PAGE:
CDC also funds selected state and local education agencies to help school districts and schools implement effective policies and practices to reduce sexual risk behaviors among youth, including youth at disproportionate risk (such as LGBT youth, especially YMSM), through funding opportunity announcements such as Promoting Adolescent Health Through School-Based HIV/STD Prevention and School-Based Surveillance. Funded agencies are required to report performance and process measures reflective of their specific work in addressing the needs of sexual minority youth.Top of Page
CDC provides funding and technical assistance to several national nongovernmental organizations (NGOs) to build the capacity of school districts and schools to meet the HIV/STD prevention needs of a selected group of youth at disproportionate risk―including LGBT youth. These NGOs focus their capacity-building activities around three approach areas:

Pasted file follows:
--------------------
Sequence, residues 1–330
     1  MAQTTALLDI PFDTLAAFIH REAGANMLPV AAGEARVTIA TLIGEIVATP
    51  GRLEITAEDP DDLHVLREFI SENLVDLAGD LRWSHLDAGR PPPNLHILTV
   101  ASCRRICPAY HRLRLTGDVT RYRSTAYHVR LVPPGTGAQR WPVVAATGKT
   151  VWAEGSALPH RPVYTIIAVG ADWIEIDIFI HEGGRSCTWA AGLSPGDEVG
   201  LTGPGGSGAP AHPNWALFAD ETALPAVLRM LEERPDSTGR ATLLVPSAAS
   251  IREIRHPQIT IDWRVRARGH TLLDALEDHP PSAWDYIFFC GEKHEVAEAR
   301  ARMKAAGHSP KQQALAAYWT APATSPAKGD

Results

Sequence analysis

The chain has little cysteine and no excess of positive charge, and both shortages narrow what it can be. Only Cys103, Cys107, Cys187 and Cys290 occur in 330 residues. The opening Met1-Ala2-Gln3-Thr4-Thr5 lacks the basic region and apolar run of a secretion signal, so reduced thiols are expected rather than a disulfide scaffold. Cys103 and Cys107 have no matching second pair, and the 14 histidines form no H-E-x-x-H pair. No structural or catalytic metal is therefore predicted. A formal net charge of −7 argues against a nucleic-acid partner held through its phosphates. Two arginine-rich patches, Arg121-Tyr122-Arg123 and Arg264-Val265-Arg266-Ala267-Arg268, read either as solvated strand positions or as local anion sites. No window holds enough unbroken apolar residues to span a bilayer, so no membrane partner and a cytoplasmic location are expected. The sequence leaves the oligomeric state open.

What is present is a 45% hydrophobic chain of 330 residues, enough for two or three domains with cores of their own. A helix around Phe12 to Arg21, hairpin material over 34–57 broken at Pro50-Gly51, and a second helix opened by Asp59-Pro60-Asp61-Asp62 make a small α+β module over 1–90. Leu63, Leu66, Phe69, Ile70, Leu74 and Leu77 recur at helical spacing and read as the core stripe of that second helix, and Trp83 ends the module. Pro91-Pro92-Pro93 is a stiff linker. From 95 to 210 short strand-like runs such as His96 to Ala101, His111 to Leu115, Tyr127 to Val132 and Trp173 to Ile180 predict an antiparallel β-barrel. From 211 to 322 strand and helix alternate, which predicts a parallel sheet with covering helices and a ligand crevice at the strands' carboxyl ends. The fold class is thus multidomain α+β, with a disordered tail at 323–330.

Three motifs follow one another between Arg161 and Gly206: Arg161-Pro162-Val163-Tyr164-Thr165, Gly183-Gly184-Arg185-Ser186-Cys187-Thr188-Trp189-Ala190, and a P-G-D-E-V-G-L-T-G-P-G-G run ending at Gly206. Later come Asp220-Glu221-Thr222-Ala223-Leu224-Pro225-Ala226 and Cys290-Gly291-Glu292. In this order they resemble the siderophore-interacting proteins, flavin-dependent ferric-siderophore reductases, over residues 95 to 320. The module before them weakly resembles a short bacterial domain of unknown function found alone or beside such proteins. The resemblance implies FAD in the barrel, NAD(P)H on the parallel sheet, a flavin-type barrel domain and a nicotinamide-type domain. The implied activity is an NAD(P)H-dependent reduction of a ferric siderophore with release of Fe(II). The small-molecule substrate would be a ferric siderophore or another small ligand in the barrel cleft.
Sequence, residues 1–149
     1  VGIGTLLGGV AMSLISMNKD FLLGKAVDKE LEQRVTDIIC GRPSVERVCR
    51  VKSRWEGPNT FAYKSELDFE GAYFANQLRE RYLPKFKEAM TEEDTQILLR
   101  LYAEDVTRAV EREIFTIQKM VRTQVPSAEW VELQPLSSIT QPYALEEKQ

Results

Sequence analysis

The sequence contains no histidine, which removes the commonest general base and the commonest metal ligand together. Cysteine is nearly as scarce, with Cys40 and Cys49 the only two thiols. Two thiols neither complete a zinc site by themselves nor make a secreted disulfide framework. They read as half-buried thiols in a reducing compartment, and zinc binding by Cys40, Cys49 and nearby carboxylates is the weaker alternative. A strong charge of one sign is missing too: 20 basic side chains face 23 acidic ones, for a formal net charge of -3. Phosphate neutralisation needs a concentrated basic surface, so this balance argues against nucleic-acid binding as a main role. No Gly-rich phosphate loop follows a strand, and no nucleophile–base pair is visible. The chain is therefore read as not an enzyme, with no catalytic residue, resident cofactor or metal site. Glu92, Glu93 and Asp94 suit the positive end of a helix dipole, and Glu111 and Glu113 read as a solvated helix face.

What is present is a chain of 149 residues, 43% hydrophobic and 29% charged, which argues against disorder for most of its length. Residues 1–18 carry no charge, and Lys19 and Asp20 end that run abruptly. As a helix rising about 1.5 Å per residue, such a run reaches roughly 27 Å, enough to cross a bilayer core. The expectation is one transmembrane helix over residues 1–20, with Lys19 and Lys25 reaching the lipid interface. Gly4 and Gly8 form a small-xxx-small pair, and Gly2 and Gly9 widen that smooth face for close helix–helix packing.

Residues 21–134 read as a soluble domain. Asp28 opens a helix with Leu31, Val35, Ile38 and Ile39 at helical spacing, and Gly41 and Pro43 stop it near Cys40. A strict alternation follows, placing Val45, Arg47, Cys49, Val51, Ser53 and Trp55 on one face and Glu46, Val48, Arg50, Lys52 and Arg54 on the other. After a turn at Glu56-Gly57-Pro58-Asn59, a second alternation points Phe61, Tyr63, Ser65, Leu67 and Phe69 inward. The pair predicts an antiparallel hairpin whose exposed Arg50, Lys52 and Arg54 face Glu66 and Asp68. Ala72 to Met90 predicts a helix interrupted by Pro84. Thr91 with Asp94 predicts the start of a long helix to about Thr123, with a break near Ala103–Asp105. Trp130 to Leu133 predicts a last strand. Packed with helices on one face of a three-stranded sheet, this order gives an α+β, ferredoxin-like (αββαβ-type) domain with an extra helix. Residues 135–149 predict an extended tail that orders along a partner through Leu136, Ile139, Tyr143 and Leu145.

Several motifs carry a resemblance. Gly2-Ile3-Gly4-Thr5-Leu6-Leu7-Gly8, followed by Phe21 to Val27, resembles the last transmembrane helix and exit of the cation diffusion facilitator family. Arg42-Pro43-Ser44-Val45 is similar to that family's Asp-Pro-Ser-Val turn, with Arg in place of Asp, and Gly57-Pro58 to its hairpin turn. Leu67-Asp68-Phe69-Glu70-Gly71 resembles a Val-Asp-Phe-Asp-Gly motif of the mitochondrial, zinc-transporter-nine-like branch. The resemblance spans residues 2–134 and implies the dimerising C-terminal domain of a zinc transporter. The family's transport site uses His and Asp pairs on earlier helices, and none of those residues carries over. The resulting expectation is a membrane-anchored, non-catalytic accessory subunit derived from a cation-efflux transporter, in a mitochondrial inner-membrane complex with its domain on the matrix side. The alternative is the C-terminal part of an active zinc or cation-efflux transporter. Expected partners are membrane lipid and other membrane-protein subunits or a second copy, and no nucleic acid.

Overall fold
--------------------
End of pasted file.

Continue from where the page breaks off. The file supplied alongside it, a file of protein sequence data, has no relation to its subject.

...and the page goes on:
- Exemplary Sexual Health Education
- Key Sexual Health Services
- Safe and Supportive Environments for Students and Staff
These NGOs collaborate with other partners to support policies that better meet the mental and sexual health needs of LGBT youth.
HIV/STD Prevention Approach
NGO Working with School Districts/Schools
Exemplary Sexual Health Education
Advocates for Youth
Key Sexual Health Services
National Coalition for STD Directors
|Safe and Supportive Environments for Students and Staff||
American Psychological Association
- Those who identify as gay, lesbian, or bisexual, or who have sexual contact with persons of the same or both sexes.
- African American/black: Referred to as black in this Web page content.
- Hispanics/Latinos can be of any race.
- Page last reviewed: November 12, 2014
- Page last updated: November 12, 2014
- Content Source: